16 February 2014

I can’t believe this still needs saying

Three awesome Jewish philosophers: Shlomo Avineri (l), Martin Buber (m), Amitai Etzioni (r)

Radical social critiques coming out of Orthodox and Catholic spheres, particularly as it regards basic institutions of the modern global economy, have a lot going for them in their assertions of truth. The links between secularist and rationalist ideologies (including both Marxism and liberal economism), the ongoing proletarianisation of practically all aspects of middle-class life, the entrenchment of the ‘new class’ and the triumph of predatory global finance capitalism are all very much worth expounding. And we have plenty of resources for doing this. Distributism and social credit theory have both come out of the British Western Catholic tradition, and are bolstered on the continent by the work of the Christian social movement and the traditions of organised labour. Deep personalist critiques of bourgeois ethics and the materialist world-view, such as those of Nikolai Berdyaev and Fr. Sergei Bulgakov (amongst countless others both in the Patristic tradition and afterwards!), have their roots in an Orthodox anthropology which regards the situated person as a living ikon of the All-Holy Trinity.

So why do these conspiracy theories keep cropping up? Why are these phenomena still so often portrayed as the fault of an international conspiracy of the Jews? What explanatory power does the attribution of global secular modernism’s manifest ills to a shadowy cabal of the ‘international Jewry’ lend us, that we wouldn’t have otherwise? As Austrian social-democrat Ferdinand Kronawetter once said, ‘anti-Semitism is the socialism of fools’; I think the saying applies in equal measure to other forms of anti-capitalism.

And let’s not give those who expound these canards and fables under the guise of socio-theological critique any quarter on this. It becomes too simple for apologists for the globalist order to dismiss us as a bunch of anti-Semitic cranks when we just wink and nod in their direction. Quite frankly, too many promising threads at building a more humane, human-scaled economy tailored to the needs of the whole person have been derailed and discredited by the indulgence of their proponents in anti-Semitic intellectual onanism. The social credit movement of Major C. H. Douglas has been attacked as a whole (as in Janine Stingel’s Social Discredit) on account of Douglas’s conspiracy theorising. The same has gone, though to a lesser extent, for the work of Karl Freiherr von Vogelsang in Austria, whose tendencies toward anti-Semitic mannerisms attracted demagogues such as Karl Lüger.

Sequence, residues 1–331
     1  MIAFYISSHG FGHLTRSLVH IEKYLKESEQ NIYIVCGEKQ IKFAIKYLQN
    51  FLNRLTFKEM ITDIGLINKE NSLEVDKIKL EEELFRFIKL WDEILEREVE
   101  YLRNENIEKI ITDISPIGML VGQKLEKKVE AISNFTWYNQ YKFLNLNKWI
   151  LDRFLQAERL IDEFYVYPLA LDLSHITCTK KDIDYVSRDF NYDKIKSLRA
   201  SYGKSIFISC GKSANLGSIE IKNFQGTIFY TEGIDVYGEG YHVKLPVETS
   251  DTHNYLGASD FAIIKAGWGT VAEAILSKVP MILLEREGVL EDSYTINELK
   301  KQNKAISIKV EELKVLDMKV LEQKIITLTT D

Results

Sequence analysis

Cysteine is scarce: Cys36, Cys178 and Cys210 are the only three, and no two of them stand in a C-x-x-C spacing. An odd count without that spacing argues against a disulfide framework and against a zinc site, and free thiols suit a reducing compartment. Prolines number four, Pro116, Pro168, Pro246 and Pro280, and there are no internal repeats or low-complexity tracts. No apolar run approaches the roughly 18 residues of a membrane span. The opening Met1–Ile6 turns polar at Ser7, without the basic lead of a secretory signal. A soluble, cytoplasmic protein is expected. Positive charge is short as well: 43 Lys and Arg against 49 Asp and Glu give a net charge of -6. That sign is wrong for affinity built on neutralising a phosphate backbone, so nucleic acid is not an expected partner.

Not only do such associations allow for ungrounded attacks on the entire body of personalist, populist, radical-orthodox and communitarian critiques of modern global capitalism emerging from Catholic and Orthodox thought, but they also alienate potential allies and interlocutors within Judaism. Emmanuel Mounier himself gladly owned that his philosophy shares more than just a passing resemblance with the existential philosophy of Martin Buber, and even borrowed much of his language (like the ‘narrow ridge’) in expressing his political thought. There are also interesting potentials for mutual reinforcement, critique and shared social action between Christian personalism and other strains pioneered and championed by Jews: the ‘Anglo-American’ communitarianism of Amitai Etzioni and the ‘continental’ one of Shlomo Avineri.

Let me be clear in the other direction as well. None of the above means giving up any part of the creedal Christian anthropology, politics or eschatology. I still believe and will always do in a sociable God, whose sociability is rooted in the inner mystery of his very Triune nature. The Trinity is a necessity if we take seriously the idea of the situated human being in all her modes of being as an ikon of the living God. As such, in their explicit rejections of Trinitarianism, I find that Jewish and Muslim anthropologies share a weakness which can ultimately lead to distorted views of grace and of human psychology. But taking these stances is of worse than no effect – indeed, it is the height of hypocrisy! – if it shuts down avenues of shared social action with Jews or Muslims, or leads us into the spiritual quagmires of pride at their expense. We can do better than that. Indeed, if we claim to be good Christians, confessing the faith that was expounded at Nikaia, we must do better!


  1. Great piece. For my part, I believe the anti-Jewish conspiracy theories are due to the sense that Jews are overrepresented in financial circles. Of course, there are plenty of non-Jews in the finance industry but this fact never stopped the anti-Semites from making their claims. It is a bit like the way white Europeans are obsessed with black and Hispanic criminal gangs while downplaying the Irish, Italian, and Eastern European mafias, just to name a few.

  2. Hi John! Many thanks for the comment!

    Historically that's certainly true, and if you look at the numbers, yes, I think Jews still are quite overrepresented in the world of big finance - but this isn't due to a conspiracy so much as due to a confluence of multiple factors. Historically, Ashkenazi Jews were kind of relegated to finance by law. I realise this is also a stereotype, but they also have cultural tendencies to value tight networking and excellence in their work.